UF sets up team to crunch 'big data'
Published: Wednesday, October 9, 2013 at 12:15 p.m.
Last Modified: Wednesday, October 9, 2013 at 12:15 p.m.
With the rise of the Internet, the proliferation of smartphones, cars with onboard computers, social networks like Facebook, even the digital storage of medical records, people are generating billions and billions of nuggets of information daily.
A leading edge in research is the ability to capture and analyze all that "big data" and use it to help track weather patterns, model disease outbreaks, and make economic forecasts. There is a demand in business, the social sciences and other fields for 200,000 people who can crunch big data, according to one recent study.
The University of Florida wants to be at the front of that big data revolution. It has committed $3.8 million to create a multi-disciplinary team of researchers — to be called the Informatics Institute — able to crunch big data and apply it to economic, social, medical and educational issues.
"For the first time in human history, we have this capacity to generate huge amounts of data, everywhere from the unraveling of human genome to Amazon database collecting all your preferences," Provost Joe Glover said.
The Informatic Institute is one of 16 new programs to be financed with the first $15 million in "pre-eminence funding" that UF received from the Legislature this year as the state's top public university.
The programs were selected after months of discussions with deans, directors and department chairs, Glover said. They submitted 52 proposals, which were reviewed by senior vice presidents and culled to a list of 22, Glover said.
President Bernie Machen then took those ideas, Glover said, consulted with a panel of distinguished professors, and mixed and matched those proposals to come up with the 16 that UF is moving forward with.
"We selected the proposals that reflect UF's current strengths and that have potential to move the needle in their fields," Machen said in a news release. "Such leadership in science and scholarship is a critical step to UF's rise among the nation's top public universities."
As the state's pre-eminent public university, UF will receive $15 million a year over five years to recruit faculty who are well-known at the top of their fields in research and academics. Machen pledged to match that money with private donations.
Glover estimated the university can hire 75 to 100 professors with that money, depending on their mix of experience. He hopes to have the first round of new hires in place by next fall.
"We would like to hire all of them, but the chances of that are not good," he said. "We are looking for a lot of them to be senior hires, people who have achieved a record in their field."
If there is any unifying theme to the 16 new programs, Glover said, it is that they were chosen based on UF's current strength and expertise that could be built on, and on fields that had significant potential to develop over the next 10-15 years.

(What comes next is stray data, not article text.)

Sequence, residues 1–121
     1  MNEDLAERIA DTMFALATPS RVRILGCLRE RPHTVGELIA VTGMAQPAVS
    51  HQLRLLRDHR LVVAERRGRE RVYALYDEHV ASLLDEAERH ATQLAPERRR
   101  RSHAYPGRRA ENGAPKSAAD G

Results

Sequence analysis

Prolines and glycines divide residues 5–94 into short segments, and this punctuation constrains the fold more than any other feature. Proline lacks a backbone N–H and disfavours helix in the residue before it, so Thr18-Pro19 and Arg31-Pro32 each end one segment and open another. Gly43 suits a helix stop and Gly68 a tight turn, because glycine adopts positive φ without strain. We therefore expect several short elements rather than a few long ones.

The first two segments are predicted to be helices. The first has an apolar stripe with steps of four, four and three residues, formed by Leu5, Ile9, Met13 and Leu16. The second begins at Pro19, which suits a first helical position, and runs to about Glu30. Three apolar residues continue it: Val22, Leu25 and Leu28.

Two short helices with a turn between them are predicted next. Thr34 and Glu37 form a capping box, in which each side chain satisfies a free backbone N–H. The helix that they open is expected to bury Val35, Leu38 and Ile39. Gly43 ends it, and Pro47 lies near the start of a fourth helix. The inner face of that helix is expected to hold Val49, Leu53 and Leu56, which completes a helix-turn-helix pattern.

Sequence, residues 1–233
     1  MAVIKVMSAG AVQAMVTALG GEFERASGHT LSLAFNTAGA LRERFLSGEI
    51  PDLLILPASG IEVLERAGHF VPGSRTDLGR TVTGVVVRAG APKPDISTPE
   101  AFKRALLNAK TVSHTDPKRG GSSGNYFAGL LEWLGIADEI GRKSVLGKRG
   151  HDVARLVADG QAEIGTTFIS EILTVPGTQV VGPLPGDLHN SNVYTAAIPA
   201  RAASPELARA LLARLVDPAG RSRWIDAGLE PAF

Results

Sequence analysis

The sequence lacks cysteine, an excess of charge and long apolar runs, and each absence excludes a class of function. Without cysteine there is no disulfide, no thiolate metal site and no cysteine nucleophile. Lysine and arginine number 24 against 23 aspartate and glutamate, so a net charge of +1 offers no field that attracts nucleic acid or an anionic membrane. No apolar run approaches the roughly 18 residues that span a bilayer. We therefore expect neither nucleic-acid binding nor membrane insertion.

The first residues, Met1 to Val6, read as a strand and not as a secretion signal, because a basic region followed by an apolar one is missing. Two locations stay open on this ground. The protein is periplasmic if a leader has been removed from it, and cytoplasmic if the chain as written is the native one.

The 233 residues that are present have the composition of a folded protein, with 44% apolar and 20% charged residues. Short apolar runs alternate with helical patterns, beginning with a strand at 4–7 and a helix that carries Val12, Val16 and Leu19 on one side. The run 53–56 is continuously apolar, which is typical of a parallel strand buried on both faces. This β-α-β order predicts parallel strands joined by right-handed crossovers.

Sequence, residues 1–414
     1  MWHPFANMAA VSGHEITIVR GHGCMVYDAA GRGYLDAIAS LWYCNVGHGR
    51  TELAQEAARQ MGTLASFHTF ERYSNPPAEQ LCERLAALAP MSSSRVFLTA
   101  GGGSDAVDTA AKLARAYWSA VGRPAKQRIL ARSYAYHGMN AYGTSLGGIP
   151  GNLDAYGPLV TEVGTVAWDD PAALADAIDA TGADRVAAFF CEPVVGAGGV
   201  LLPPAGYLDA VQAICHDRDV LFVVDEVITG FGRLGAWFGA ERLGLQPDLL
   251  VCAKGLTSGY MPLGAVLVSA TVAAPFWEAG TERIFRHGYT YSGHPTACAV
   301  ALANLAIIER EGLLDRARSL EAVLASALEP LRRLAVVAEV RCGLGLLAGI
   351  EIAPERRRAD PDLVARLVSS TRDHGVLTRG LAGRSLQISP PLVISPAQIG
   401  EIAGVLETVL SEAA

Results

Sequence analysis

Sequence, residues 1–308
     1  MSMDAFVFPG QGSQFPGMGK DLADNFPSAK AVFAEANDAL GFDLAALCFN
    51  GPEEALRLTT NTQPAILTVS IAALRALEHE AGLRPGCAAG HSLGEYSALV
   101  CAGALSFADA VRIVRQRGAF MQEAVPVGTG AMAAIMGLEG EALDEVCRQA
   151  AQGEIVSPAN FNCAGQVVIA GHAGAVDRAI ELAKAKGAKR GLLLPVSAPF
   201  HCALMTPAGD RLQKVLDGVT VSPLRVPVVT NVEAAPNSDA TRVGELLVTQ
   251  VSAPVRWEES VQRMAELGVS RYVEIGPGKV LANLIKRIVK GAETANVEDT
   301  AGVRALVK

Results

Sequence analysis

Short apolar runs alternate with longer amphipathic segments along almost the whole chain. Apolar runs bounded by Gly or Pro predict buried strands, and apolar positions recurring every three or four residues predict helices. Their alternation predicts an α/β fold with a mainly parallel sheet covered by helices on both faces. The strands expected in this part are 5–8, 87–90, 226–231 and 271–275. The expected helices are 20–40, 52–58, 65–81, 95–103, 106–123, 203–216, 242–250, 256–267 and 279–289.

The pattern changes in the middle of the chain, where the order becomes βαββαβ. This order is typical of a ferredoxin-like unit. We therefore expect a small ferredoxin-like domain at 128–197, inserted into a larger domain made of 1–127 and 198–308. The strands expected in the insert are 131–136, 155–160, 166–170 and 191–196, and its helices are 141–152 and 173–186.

For example, UF's Emerging Pathogens Institute has already done remarkable work using a statistical approach to modeling malaria and other diseases, Glover said, but needed faculty who could do mathematical modeling to understand the spread of the disease. They'll be getting $300,000 to help reach that next level.
Also, $2.2 million will be spent on neuroscience and the brain, building on the work already established at the McKnight Brain Institute, Glover said.
"President Obama said that this is the century of the brain," Glover said. "The federal government is committed to investing in it. We have the McKnight Brain Institute and can invest more to push to the forefront of that."
The Informatics Institute is getting the largest share of the pre-eminence money and will involve faculty from several colleges — Medicine, Public Health and Health Professions, Nursing, Engineering, Liberal Arts and Sciences, Agricultural and Life Sciences, and the Museum of Natural History.
The idea of creating such an institute emerged from a number of proposals that fit under the "big data" umbrella, Glover said. UF already has some expertise in that field, along with the infrastructure in the HiPerGator supercomputer to perform large-scale calculations and sort billions of terabytes of data.
"Everyone believes we are on cusp of the Big Data age," Glover said. "It makes sense to invest in that field, where we have some expertise already and can build it up."
David Norton, vice president for research at UF, will lead the effort until the university can hire a scientific director for the institute, Glover said.
"We are really excited about being able to do this," Norton said.
It also gives UF a platform to expose faculty and students campuswide to informatics, he said.
"It's where all those fields are going," Norton said. "You can't do anything where there is an emerging or high-value service industry or occupation and not appreciate the importance of information technologies."